When I was pregnant, a few people suggested I would have to get used to spending weeks apart from my daughter because “that’s what the men do”. But, like many other mums, I found my own way of making my career and parenthood work for my family.
Whatever job you are doing, when you have a baby there are bound to be decisions you have to make, that never crossed your mind previously.
My job, as a professional cyclist, is quite unusual because I rely on my body to be in the best physical shape to perform at the highest level, so I knew my pregnancy and giving birth need to be timed as carefully as possible, but prior to pregnancy, I didn’t have any preconceived plans about how I would manage travelling for my job with a child.
As I was the first British Cycling programme rider to have a baby I had to forge my own path without any precedent.
It was the breastfeeding journey my daughter and I enjoyed, that made many of my decisions, and meant I didn’t follow advice offered because “that’s what the men do”.
Louisa breastfed until she was 3.5 years old, so we had to travel and stay together throughout that time. This included meticulous planning for the Rio Paralympic Games where I stayed outside of the Village to ensure Louisa’s needs were put first.
Deciding when to spend a night apart from my daughter was a decision I thought would be easier to make than it was. In the end the circumstance of how we flew home from the Rio Games made the decision and because Louisa couldn’t fly on the same gold-nosed plane as the British team, we spent our first night apart on different airlines from Brazil to the UK.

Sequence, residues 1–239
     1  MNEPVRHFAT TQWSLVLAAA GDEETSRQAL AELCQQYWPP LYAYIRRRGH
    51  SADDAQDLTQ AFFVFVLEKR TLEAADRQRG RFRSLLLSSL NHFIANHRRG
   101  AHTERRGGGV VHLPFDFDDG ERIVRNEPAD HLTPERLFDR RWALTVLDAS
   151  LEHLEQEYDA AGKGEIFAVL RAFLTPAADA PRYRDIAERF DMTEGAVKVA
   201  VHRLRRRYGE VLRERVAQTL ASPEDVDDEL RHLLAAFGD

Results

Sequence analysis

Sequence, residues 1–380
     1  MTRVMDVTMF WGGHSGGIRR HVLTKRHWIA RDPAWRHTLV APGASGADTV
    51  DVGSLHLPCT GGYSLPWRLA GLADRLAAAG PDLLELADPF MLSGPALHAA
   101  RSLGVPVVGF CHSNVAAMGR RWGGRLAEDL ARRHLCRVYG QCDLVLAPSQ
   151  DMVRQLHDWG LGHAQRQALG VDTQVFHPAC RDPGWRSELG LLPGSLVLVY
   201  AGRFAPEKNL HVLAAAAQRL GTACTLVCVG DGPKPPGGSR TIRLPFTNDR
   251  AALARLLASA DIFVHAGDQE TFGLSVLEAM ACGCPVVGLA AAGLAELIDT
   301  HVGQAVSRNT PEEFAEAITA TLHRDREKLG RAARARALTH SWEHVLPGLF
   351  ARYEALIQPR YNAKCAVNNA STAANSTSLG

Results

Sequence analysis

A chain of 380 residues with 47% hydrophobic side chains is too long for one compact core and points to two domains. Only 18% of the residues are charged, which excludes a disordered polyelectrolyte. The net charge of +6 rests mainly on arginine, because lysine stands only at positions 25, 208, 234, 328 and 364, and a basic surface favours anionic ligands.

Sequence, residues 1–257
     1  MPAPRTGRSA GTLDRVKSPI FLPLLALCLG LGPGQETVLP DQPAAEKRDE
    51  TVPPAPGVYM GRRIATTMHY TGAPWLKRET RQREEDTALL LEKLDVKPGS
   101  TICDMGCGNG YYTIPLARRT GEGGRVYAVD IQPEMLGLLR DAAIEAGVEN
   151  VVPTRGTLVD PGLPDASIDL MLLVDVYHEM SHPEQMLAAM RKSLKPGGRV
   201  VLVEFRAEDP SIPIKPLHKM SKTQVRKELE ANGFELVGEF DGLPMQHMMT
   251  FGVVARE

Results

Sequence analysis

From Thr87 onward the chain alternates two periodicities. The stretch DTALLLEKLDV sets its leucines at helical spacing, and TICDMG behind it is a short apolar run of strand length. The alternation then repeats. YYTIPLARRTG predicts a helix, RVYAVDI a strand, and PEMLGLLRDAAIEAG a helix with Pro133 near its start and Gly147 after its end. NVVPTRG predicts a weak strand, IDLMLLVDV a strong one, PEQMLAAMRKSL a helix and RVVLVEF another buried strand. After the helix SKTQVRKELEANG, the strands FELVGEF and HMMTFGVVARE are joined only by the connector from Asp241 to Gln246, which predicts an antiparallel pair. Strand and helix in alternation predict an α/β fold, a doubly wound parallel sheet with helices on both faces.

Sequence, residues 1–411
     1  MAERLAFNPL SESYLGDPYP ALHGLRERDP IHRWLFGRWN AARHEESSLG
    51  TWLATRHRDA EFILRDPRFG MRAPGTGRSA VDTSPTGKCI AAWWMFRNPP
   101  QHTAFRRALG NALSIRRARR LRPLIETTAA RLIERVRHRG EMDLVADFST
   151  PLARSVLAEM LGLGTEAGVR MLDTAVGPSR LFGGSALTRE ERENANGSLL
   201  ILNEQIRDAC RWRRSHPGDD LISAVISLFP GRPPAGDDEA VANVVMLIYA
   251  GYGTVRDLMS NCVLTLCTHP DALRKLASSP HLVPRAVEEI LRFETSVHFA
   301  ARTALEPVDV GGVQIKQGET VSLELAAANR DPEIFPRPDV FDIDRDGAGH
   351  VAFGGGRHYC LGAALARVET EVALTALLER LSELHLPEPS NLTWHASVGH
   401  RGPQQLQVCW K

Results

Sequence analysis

Second time round, with my son Charlie, decisions are still cropping up I never envisaged having to make.
Just a few weeks ahead of the World Track Championships, the Yellow Fever advice for the host nation changed meaning a vaccine was needed to travel.
As a breastfeeding mother to a four-month-old, who was too young to be vaccinated, I couldn’t be vaccinated unless I stopped breastfeeding. We couldn’t travel unvaccinated and I wasn’t prepared to stop breastfeeding and travel without him. So I was faced with a difficult decision.
It was a roller coaster of emotions, but in the end I felt a sense of relief when I realised that actually it was a no-brainer. I wouldn’t be putting my baby at risk of serious illness. There’s no job worth more than the health of a person. So I withdrew from the competition.
I have surprised myself with my ability to make adjustments for my family. For instance, athletes are renown for being precious about rest and sleep, and I didn’t have a clue how I would handle things to ensure I got enough rest to perform, but it’s amazing how you can adapt.
I learned to safely co-sleep with my babies, something I never expected I’d be doing, and this undoubtedly ensures I get much more sleep than getting out of bed or sitting up for the night feeds. The added bonus to this is they both sleep well wherever we travel, not needing time to adjust to a strange place or new bed because they are always next to me. It’s also less packing as we have never used a travel cot.
I was once told it would be hard to combine the most self-absorbed job (sport) with the most selfless job (parenthood), but I think the balance of switching from one mindset to the other has given me a different perspective and although I am making decisions I didn’t consider, they are all easy ones to make. Whatever your job, we all have one thing in common, our kids come first.